A.J. Puk Is On A Fast Track To Be Baseball's Next Big Star

A.J. Puk Is On A Fast Track To Be Baseball's Next Big Star

The 22-year-old lefty is already making waves in Oakland.

Nearly two years ago, the A's selected LHP A.J. Puk with the sixth overall pick in the 2016 Draft. And now, 22 year-old Puk is already on the rise in Oakland, as the young lefty dominated the Padres this past weekend, solidifying himself as a key cornerstone for the future of the Athletics organization.

Puk spent last season in High A ball, later moving up to AA after the All-Star Break, and although the fireballer struggles with command from time to time, his four pitch arsenal has been enough for a clean 0.00 ERA through 5.0 IP so far this Spring. His lethal combination of a fastball, changeup, curveball, and now a hard slider is a classic example of a new-wave pitcher’s lineup of pitches. His pitching style is incredibly reminiscent of Mets RHP Noah Syndergaard, and even Astros’ World Series hero Justin Verlander, and if Puk can make the transition from minor to major leagues, his personal pitching style could emulate the two aforementioned starters. So far, if this Spring’s sample size is of any merit, Puk is having no trouble making the transition towards the major leagues.

The aspiring ace has already earned a K/9 of 7.2 through 2 games this Spring, as he's pitched 2.0 innings during his first start, and 3.0 innings during a relief appearance on Saturday. In comparison, only two other Athletics pitchers has thrown more than 5.0 innings thus far, showing exactly how much the A's organization trusts Puk and his bright future. Still, while Puk is currently slated to start the season in Triple-A Nashville, the confidence that the organization has instilled in their young prospect might be a sign that the A’s would be willing to advance him through the system at a faster rate than usual.

His raw talent and incredible promise should be enough to thrust Puk through the A’s system, as the major league club is lacking depth in their rotation, especially with veteran Sonny Gray leaving the organization last summer at the trade deadline to join the New York Yankees. Although Kendall Graveman may currently be the “ace” of a young Athletics team, it’s only a matter of time until Puk takes over as the main event in Oakland. The team could promote Puk to the majors as early as this Summer, according to manager Bob Melvin, as the team could definitely use a “bonafide starter” like him in the rotation. The future of A’s pitching is now, and with Puk already facing off against major league batters, Oakland could be an immediate threat to an AL West division that is already stacked to the brim with talented contenders.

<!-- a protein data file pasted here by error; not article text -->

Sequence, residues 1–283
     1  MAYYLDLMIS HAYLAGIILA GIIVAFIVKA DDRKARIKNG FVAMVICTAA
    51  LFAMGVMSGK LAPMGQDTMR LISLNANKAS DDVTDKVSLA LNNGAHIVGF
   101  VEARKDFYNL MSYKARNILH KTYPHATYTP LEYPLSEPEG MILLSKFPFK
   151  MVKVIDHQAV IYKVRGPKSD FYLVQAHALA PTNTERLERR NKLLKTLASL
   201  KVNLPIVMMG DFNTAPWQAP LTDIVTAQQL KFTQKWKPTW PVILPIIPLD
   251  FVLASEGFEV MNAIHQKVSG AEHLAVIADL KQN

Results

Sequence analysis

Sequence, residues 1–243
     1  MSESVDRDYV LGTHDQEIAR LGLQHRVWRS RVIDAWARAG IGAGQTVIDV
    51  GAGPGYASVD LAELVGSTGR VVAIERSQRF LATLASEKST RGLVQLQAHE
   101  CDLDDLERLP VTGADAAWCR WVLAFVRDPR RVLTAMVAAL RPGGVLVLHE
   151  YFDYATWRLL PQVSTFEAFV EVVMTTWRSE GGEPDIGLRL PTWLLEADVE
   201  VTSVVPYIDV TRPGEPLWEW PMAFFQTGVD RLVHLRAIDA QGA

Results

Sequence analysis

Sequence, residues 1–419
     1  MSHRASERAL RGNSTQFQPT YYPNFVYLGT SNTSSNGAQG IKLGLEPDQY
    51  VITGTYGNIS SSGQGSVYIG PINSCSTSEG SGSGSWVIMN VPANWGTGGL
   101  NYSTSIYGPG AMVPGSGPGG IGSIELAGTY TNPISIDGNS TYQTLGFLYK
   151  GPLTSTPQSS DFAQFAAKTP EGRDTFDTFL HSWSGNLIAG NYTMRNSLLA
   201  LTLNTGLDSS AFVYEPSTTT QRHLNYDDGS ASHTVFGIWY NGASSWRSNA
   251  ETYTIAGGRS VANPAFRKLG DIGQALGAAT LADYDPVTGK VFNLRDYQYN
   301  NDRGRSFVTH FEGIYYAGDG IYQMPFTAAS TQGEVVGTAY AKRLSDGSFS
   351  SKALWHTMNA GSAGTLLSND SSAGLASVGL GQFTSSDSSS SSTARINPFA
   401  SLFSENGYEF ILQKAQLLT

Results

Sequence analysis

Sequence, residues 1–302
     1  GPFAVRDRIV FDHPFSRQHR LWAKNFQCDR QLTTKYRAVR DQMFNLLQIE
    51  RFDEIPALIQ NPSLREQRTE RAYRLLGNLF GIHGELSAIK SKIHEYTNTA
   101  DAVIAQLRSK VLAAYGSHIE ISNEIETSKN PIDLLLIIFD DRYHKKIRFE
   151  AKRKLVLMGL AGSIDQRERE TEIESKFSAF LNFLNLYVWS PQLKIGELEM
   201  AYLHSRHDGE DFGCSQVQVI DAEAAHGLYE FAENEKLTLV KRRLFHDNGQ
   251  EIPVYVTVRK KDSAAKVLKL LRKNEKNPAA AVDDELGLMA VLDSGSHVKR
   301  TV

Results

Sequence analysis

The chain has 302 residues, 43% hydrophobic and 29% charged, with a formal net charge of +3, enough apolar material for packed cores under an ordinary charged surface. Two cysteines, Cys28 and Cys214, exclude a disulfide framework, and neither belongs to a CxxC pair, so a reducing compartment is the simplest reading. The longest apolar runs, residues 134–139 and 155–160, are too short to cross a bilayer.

Needless to say, the season is still young, and the A's have a lot of ground to make up if they're going to be contenders as soon as this year. With the foundations in place, execution is the next step for the Athletics. Nonetheless, the future is bright, and Puk is at the center.

Cover Image Credit: Wikicommons

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20 Signs You Were A High School Cheerleader

You got really tired of hearing, "Point your toes."

Cheerleading is something you'll never forget. It takes hard work, dedication, and comes with its ups and downs. Here are some statements that every cheerleader, past and present, know to be true.

1. You always had bobby pins with you.

2. Fear shot through you if you couldn't find your spankees right away and thought you left them at home.

3. You accumulated about 90 new pairs of tennis shoes...

4. ...and about 90 new bows, bags, socks, and warm ups.

5. When you hear certain songs from old cheer dance mixes it either ruins your day or brings back happy memories.

6. And chances are, you still remember every move to those dances.

7. Sometimes you catch yourself standing with your hands on your hips.

8. You know the phrase, "One more time, ladies" all too well.

9. The hospitality rooms were always one of the biggest perks of going to tournaments (at least for me).

10. You got really tired of hearing, "Point your toes."

SEE ALSO: How The Term 'Cheerlebrity' Destroyed Our Sport

11. If you left the gym at half-time to go get something, you better be back by the time the boys run back out.

12. You knew how awkward it could be on the bus rides home after the boys lost.

13. But you also knew how fun it could be if they won.

14. Figuring out line-up was extremely important – especially if one of your members was gone.

15. New uniforms were so exciting; minus the fact that they cost a fortune.

16. You know there was nothing worse than when you called out an offense cheer but halfway through, you had to switch to the defense version because someone turned over the ball.

17. You still know the school fight song by heart and every move that goes with it.